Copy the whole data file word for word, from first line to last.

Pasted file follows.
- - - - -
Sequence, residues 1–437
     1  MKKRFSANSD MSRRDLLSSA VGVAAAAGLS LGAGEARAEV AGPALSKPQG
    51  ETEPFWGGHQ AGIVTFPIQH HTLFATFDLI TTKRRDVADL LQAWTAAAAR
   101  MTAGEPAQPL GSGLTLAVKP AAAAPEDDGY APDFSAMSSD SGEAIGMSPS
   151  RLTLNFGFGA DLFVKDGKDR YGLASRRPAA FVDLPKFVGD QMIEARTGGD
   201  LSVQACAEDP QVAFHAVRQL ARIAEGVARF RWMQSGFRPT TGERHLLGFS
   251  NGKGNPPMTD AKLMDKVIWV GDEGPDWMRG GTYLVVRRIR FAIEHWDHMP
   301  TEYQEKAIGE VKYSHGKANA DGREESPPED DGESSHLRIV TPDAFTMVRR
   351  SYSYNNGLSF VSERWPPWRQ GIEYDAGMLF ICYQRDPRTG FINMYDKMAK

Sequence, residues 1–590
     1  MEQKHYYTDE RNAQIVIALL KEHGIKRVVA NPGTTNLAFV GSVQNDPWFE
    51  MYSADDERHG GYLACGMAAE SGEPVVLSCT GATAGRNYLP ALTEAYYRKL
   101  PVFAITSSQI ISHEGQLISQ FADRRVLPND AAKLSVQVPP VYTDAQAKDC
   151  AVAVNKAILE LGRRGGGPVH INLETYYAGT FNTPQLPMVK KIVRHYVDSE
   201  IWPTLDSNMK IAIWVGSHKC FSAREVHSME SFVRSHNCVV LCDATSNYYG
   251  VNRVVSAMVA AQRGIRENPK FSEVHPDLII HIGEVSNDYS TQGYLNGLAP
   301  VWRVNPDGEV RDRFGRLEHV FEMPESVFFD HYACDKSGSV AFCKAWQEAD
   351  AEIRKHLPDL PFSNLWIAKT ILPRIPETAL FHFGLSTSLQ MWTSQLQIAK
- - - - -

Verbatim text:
Sequence, residues 1–437
     1  MKKRFSANSD MSRRDLLSSA VGVAAAAGLS LGAGEARAEV AGPALSKPQG
    51  ETEPFWGGHQ AGIVTFPIQH HTLFATFDLI TTKRRDVADL LQAWTAAAAR
   101  MTAGEPAQPL GSGLTLAVKP AAAAPEDDGY APDFSAMSSD SGEAIGMSPS
   151  RLTLNFGFGA DLFVKDGKDR YGLASRRPAA FVDLPKFVGD QMIEARTGGD
   201  LSVQACAEDP QVAFHAVRQL ARIAEGVARF RWMQSGFRPT TGERHLLGFS
   251  NGKGNPPMTD AKLMDKVIWV GDEGPDWMRG GTYLVVRRIR FAIEHWDHMP
   301  TEYQEKAIGE VKYSHGKANA DGREESPPED DGESSHLRIV TPDAFTMVRR
   351  SYSYNNGLSF VSERWPPWRQ GIEYDAGMLF ICYQRDPRTG FINMYDKMAK

Sequence, residues 1–590
     1  MEQKHYYTDE RNAQIVIALL KEHGIKRVVA NPGTTNLAFV GSVQNDPWFE
    51  MYSADDERHG GYLACGMAAE SGEPVVLSCT GATAGRNYLP ALTEAYYRKL
   101  PVFAITSSQI ISHEGQLISQ FADRRVLPND AAKLSVQVPP VYTDAQAKDC
   151  AVAVNKAILE LGRRGGGPVH INLETYYAGT FNTPQLPMVK KIVRHYVDSE
   201  IWPTLDSNMK IAIWVGSHKC FSAREVHSME SFVRSHNCVV LCDATSNYYG
   251  VNRVVSAMVA AQRGIRENPK FSEVHPDLII HIGEVSNDYS TQGYLNGLAP
   301  VWRVNPDGEV RDRFGRLEHV FEMPESVFFD HYACDKSGSV AFCKAWQEAD
   351  AEIRKHLPDL PFSNLWIAKT ILPRIPETAL FHFGLSTSLQ MWTSQLQIAK